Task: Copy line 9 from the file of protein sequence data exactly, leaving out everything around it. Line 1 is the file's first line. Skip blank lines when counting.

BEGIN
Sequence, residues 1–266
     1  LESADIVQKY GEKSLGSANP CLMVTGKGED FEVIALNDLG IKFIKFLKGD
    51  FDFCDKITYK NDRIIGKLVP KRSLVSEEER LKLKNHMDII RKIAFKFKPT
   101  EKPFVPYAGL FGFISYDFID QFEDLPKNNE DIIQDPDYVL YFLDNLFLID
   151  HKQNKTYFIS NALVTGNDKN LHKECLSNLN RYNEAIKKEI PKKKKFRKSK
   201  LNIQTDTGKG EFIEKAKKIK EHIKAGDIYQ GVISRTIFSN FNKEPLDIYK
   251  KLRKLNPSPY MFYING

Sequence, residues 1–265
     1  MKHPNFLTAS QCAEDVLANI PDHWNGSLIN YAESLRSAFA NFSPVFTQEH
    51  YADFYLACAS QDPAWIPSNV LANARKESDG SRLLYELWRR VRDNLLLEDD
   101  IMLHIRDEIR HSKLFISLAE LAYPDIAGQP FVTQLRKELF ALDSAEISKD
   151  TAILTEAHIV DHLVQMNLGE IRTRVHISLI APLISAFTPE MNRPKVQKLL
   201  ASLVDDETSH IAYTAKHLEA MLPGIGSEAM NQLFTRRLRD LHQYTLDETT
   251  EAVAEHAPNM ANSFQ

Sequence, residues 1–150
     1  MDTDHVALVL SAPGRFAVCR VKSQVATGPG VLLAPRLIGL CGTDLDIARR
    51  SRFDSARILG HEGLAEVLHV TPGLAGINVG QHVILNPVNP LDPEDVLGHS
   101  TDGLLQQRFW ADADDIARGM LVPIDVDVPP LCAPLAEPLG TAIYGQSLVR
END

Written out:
     1  MKHPNFLTAS QCAEDVLANI PDHWNGSLIN YAESLRSAFA NFSPVFTQEH